How do you get power factor?
Single phase PF = Input Watts/Volts x Amps. Three phase PF =Input Watts/Volts x Amps x1.732.
You can determine the power factor of a circuit using three instruments: a voltmeter, and ammeter, and a wattmeter.
Multiplying the voltmeter reading by the ammeter reading will supply the value of the apparent power in volt amperes. The wattmeter reading will supply the value of the true power in watts.
Divide the number of watts by the number of volt amperes, and that will indicate the power factor of the circuit.
There are a number of different ways of determining the power factor of a load, depending on what information you have access to. For example: power factor = cosine of phase angle power factor = true power / apparent power power factor = resistance / impedance power factor = votage across resistive component / supply voltage etc.
Effective Power = Volts x Amps x Power Factor Power Factor ranges from 0 to 1. At a Power Factor of 1 the load is pure resistive and the current and voltage are exactly in phase. As the voltage and current get out of phase the Power Factor decreases and you reduce the power. Therefore, a Power Factor of 1 is most efficient.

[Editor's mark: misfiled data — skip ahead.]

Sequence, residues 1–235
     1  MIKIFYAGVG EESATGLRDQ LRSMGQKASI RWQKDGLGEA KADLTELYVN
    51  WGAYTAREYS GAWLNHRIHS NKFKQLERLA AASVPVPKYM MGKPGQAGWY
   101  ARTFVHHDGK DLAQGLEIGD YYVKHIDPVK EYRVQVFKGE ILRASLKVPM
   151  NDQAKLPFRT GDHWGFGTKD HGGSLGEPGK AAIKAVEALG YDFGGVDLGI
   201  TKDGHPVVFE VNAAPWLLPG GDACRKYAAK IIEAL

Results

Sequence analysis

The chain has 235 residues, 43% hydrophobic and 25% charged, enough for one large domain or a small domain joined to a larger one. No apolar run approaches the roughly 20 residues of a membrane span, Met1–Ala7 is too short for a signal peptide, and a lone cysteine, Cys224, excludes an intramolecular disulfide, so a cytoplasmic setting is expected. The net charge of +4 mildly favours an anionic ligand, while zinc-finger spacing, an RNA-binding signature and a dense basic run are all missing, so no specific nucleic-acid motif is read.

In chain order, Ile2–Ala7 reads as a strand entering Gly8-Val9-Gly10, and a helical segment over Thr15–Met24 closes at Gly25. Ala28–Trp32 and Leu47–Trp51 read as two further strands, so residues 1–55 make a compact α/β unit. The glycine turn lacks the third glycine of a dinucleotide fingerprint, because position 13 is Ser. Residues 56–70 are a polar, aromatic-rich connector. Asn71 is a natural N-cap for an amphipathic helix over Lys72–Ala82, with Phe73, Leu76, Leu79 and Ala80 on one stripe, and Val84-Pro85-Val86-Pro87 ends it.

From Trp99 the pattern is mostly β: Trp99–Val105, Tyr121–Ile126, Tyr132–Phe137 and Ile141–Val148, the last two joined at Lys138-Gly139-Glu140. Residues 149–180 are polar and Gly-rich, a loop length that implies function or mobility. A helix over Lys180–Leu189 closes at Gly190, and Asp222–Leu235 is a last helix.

Why you use low power factor wattmeter on primary and unity power factor on secondary side of transformer?
Definitions of Power Factor in electricity can be given in different ways as described below: 1) Power Factor is the Cosine of the angle between the voltage vector and the current vector. 2) Power Factor is the ratio of the resistance to the impedance of the circuit. 3) Power Factor is also defined as the ratio of true power to apparent power.
The 0.8 Power Factor provided by generator manufacturers is not the load power factor, but it is the nominal power factor used to calculate the kW output of an engine to supply the power for a particular alternator kVA output. Alternators are therefore designed to supply their rated kVA at 0.8 lagging power factor.